There were many supposed arguments against abolition. The most absurd ideas generally were about not rocking the boat: ideas such as "slavery is natural and has always existed," or the enervating idea that it's impractical to change such a big system. On energy and climate, the status quo pitch goes like this: "We've relied on these fuels for so long and will for a long time to come."

But often the seemingly most effective argument against change – which the Confederacy leaders raised in Lincoln – focuses on economics: it will cost too much. When it comes to tackling climate change, we hear extreme versions of this objection all the time. (The Guardian)

Averting the worst consequences of human-induced climate change is a "great moral issue" on a par with slavery, according to the leading Nasa climate scientist Prof Jim Hansen. (The Guardian)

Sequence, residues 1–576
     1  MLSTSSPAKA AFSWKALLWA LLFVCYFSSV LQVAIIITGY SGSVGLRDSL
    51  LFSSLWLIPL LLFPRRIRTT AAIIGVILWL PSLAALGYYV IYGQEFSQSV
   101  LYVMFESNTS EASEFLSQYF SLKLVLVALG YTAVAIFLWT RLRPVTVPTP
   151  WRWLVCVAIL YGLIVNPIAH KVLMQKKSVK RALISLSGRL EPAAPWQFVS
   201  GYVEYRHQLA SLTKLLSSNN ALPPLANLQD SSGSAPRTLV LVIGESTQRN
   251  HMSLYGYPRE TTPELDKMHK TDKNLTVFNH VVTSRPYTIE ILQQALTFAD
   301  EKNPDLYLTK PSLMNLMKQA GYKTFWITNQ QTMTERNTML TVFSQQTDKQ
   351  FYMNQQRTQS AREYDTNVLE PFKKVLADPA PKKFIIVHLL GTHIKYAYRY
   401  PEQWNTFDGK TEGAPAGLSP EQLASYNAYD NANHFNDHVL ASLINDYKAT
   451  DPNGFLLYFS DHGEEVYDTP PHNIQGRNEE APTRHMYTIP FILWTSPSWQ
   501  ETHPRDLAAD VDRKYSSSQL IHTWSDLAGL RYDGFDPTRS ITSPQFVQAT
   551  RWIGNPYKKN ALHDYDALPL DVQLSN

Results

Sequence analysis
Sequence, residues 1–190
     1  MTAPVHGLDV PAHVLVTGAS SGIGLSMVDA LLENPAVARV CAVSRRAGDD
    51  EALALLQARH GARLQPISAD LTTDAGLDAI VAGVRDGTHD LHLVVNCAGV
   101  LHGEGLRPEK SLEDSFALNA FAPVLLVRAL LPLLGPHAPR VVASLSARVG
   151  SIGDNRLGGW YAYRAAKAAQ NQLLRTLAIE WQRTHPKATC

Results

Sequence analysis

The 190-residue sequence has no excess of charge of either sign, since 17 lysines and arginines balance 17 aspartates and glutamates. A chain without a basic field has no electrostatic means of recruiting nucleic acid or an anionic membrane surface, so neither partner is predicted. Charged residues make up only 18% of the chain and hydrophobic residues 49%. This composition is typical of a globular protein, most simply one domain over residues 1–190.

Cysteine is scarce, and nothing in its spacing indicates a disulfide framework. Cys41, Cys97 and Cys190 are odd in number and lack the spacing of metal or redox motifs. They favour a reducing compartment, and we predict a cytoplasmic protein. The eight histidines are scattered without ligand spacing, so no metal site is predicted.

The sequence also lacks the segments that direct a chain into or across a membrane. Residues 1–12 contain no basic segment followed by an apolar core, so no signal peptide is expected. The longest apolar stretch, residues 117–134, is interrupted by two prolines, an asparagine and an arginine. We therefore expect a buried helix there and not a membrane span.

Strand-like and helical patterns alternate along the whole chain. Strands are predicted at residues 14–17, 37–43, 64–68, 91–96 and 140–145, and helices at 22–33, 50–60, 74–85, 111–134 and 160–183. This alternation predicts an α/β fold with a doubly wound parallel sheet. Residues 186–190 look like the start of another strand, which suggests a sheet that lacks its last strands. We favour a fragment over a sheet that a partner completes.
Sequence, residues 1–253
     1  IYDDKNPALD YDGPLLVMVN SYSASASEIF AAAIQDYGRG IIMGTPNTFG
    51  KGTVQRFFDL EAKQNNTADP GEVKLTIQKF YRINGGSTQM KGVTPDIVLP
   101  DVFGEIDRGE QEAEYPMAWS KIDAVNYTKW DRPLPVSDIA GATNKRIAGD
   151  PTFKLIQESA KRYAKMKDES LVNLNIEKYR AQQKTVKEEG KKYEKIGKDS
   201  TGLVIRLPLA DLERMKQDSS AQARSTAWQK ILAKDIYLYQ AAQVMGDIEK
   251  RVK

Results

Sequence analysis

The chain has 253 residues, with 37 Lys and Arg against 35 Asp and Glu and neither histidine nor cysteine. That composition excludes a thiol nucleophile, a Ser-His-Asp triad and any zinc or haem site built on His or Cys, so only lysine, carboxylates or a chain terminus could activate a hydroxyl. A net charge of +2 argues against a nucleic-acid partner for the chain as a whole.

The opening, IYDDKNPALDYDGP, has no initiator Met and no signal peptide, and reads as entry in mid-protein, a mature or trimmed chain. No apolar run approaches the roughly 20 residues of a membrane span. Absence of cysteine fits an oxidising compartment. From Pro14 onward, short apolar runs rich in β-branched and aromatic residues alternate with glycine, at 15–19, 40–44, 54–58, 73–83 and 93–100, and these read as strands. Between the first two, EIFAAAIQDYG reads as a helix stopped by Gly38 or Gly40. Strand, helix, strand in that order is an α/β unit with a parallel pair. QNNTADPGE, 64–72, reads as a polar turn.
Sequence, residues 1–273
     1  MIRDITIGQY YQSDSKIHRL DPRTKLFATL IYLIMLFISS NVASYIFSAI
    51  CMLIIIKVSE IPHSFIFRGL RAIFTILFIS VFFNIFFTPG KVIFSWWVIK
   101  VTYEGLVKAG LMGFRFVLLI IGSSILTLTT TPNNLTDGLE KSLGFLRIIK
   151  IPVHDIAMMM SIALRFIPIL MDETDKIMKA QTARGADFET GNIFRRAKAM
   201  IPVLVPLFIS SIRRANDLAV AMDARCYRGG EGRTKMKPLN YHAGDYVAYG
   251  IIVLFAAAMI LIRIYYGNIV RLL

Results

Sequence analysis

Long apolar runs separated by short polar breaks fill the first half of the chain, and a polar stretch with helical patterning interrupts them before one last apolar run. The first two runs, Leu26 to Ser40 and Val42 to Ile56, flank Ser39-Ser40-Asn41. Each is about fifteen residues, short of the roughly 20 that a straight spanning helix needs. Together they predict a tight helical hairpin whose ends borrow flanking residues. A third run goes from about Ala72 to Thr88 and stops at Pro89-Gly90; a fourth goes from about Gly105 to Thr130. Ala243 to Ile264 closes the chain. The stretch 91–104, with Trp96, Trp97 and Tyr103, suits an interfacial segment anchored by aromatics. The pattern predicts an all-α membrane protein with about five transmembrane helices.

5

The Civil Rights Movement

May 28, 2014
The Civil Rights Movement

I think Climate Progress is right to argue that we may need the equivalent of a new civil rights movement built around climate and energy—at least if we’re going to make rapid reductions in our carbon emissions, which will require changes in behavior and changes in politics.

We haven’t gotten there yet—in fact, in the U.S., greens generally seem to be losing support. There’s a million and one reasons for that, but it’s worth remember that civil rights or gay rights were hardly universally popular when advocates like Martin Luther King Jr. or Harvey Milk began pushing them. (Time)

Reactions to Saving the World 9 to 5

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I’d gotten through the interview, all the tests and somehow, I couldn’t quite believe it, but I was in. I got the job at Supers Inc, where saving the world is a 9 to 5 and boy, does it need some saving.

The first thing I noticed about joining a superheroes team was that everybody else around me reacted like I’d changed in some unfathomable way.